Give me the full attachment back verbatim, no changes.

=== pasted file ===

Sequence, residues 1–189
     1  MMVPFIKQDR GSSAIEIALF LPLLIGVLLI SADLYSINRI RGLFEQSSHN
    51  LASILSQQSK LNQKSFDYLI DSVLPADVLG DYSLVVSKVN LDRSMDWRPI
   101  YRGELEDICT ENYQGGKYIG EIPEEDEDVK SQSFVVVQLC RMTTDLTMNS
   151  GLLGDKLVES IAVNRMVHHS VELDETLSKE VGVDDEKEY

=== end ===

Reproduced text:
Sequence, residues 1–189
     1  MMVPFIKQDR GSSAIEIALF LPLLIGVLLI SADLYSINRI RGLFEQSSHN
    51  LASILSQQSK LNQKSFDYLI DSVLPADVLG DYSLVVSKVN LDRSMDWRPI
   101  YRGELEDICT ENYQGGKYIG EIPEEDEDVK SQSFVVVQLC RMTTDLTMNS
   151  GLLGDKLVES IAVNRMVHHS VELDETLSKE VGVDDEKEY